Again I’m split, this time a plate of (believe it!) Coniglio Brasato with a vegetable side of Melanzane Parmigiana.   And then a portion of braised veal in red wine sauce, sliced from the bone.   Specialty of the house without the osso (the shank bone itself) nor the buco (the marrowy hole in the osso).

Gino loves his little joke.

 “Congratulations on dining at Ferraro’s without touching the Osso Buco!”




Fettucini with lobster,
mushrooms, thyme and truffles.

Like everything else in Las Vegas, the restaurant business reflects what Dickens called “the best of times and the worst of times.”   Coming over from the cozy confines of West Flamingo to this bigger, snazzier room on Paradise Road represents a gamble, especially in the tight economy of 2010.

But the Ferraros think it is high time to compete for both the local and tourist dollar with traditional north Italian cuisine prepared the painstaking, old fashioned way. 




Adam, the sommelier, with
a few of his 10,000 friends.

Ferraro’s Italian Restaurant and Wine Bar is no chain operated spaghetti factory nor is it a high profile casino restaurant spun off from a New York or California home base.  Gino Ferraro has only one restaurant.  And rest assured that he and Rosalba and Mimmo will be there waiting for you.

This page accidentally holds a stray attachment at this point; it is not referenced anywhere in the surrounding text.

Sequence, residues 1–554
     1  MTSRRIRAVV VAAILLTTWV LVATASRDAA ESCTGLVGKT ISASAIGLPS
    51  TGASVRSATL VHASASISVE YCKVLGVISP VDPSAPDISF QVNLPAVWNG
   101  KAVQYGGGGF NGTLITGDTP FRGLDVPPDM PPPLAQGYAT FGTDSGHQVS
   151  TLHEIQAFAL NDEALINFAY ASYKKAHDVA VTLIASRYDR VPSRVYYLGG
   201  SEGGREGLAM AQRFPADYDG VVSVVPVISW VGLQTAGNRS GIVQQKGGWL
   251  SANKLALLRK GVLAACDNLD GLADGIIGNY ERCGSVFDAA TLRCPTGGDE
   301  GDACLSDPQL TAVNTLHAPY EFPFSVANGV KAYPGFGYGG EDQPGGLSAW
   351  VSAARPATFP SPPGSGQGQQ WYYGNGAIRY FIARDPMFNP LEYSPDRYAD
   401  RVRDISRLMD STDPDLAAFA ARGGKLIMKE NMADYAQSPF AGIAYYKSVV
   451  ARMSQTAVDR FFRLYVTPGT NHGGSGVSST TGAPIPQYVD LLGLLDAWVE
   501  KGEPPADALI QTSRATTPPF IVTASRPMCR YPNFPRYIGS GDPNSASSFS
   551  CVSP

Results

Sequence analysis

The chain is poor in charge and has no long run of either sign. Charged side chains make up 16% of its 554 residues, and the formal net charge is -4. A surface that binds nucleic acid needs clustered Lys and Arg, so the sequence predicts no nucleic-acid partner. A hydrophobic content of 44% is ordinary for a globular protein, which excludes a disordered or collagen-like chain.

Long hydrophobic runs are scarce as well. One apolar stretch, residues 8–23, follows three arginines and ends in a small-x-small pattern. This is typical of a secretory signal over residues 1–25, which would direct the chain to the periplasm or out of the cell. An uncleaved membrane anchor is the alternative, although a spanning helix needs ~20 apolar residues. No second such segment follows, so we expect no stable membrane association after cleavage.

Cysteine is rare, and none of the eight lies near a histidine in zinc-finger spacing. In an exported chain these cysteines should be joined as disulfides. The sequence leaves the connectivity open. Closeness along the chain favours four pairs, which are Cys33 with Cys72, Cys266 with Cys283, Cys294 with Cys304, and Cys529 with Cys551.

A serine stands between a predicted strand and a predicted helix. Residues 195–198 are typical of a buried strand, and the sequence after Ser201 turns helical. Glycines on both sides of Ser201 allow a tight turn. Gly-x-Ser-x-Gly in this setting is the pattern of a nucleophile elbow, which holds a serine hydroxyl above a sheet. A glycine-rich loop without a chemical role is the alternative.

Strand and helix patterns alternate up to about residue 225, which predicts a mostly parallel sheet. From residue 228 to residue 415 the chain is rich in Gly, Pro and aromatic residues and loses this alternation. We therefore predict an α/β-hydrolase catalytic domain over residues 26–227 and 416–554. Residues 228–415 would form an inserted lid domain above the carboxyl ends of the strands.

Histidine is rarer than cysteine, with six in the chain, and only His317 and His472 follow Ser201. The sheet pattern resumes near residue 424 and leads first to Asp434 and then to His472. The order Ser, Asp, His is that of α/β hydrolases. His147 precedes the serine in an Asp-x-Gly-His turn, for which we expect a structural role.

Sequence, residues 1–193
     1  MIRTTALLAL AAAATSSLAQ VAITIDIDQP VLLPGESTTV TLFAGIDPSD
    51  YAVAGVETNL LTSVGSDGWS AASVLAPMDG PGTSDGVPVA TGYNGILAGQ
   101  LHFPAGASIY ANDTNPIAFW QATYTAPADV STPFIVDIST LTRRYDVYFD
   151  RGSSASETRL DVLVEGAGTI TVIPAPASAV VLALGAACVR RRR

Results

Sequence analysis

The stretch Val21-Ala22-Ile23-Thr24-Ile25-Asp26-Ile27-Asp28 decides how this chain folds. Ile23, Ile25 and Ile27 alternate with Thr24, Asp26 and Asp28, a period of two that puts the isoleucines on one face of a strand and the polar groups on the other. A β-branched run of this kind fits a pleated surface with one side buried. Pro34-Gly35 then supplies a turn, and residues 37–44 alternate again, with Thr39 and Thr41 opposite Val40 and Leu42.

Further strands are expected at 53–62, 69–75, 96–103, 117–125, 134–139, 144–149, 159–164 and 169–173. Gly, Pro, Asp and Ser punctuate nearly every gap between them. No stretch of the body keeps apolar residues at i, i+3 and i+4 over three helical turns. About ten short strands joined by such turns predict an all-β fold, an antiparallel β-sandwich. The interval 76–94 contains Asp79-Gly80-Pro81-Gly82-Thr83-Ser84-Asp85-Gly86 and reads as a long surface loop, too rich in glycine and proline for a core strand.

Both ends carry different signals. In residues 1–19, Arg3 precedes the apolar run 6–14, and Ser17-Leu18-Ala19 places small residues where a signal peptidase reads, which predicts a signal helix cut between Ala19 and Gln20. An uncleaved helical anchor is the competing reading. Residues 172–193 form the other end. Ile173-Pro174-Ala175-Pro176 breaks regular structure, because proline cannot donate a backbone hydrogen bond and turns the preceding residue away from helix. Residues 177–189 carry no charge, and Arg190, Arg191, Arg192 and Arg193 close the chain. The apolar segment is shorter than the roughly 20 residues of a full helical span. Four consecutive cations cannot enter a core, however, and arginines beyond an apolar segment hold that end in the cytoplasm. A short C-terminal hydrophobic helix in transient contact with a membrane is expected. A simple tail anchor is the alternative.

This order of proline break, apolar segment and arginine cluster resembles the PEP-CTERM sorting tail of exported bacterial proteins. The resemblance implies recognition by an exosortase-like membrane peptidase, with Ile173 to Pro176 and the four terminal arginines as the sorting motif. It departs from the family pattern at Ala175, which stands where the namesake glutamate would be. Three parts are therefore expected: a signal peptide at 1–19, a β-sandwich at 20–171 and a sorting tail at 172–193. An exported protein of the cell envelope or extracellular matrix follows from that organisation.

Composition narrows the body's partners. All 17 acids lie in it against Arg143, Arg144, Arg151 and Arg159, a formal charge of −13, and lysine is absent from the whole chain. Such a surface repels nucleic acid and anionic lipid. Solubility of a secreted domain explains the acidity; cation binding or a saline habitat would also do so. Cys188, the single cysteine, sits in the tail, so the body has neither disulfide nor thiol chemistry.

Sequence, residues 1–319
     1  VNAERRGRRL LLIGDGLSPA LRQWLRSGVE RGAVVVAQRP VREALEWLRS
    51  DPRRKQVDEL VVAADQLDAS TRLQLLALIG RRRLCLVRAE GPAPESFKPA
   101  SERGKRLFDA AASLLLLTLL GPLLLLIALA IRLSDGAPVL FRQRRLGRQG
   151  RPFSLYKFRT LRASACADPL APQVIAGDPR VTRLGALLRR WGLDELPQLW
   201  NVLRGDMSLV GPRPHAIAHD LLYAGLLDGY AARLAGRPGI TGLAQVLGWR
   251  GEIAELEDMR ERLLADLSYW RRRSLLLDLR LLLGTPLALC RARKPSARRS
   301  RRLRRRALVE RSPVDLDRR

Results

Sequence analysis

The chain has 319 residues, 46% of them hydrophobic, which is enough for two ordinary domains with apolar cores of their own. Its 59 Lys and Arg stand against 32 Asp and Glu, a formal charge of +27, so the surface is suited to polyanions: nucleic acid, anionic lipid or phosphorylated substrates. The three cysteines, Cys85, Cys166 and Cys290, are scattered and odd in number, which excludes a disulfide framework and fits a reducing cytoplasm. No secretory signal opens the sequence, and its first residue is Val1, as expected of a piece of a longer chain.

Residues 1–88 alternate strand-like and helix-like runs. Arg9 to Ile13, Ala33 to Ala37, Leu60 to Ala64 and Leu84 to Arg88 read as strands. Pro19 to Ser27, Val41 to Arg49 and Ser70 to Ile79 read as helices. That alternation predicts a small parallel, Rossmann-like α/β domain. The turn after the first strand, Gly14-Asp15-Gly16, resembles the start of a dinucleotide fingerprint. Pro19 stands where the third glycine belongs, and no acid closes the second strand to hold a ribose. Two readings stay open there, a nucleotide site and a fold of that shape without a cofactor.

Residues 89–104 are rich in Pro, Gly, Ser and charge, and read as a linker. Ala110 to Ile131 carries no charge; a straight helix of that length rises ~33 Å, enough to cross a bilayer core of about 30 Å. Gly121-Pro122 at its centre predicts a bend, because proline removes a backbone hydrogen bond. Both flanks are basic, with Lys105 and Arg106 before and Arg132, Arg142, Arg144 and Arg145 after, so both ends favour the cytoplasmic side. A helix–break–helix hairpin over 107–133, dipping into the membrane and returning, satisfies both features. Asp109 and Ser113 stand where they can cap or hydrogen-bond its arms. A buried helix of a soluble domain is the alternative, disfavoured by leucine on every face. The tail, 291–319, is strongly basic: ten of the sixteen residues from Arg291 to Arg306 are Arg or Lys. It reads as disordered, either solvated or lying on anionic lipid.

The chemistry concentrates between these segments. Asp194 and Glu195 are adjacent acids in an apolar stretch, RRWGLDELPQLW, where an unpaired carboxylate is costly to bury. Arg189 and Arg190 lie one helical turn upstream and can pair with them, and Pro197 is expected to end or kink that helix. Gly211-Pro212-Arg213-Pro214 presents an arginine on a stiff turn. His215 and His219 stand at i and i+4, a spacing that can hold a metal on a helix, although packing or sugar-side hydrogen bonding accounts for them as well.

Ferraro’s is open for lunch, dinner and late-night in an expanded setting which includes two chef’s dining tables, a wine cellar with 10,000 bottles of Italians and Californias, banquet space for 10-250, plus audio/visual capabilities for meetings and receptions. 

The wine bar and patio seating will be a hit with the happy hour and after-show/post-game crowd.   Antipastini and Panini are available at all times along with small pizzas and selected entrées.   Live music.  Buon appetito! Have fun!

Ferraro’s Italian Restaurant & Wine Bar is at 4480 Paradise Road, across from the Hard Rock Hotel/Casino and close by the Thomas & Mack Center at UNLV. 

Reservations can be made at 702/364-5300. 

For more details, specials, and full menus, check out their web site at www.ferraroslasvegas.com

— Feature by Jerry Nemanic Jetsetters Magazine Food & Wine Editor; photos courtesy of Ferraro's.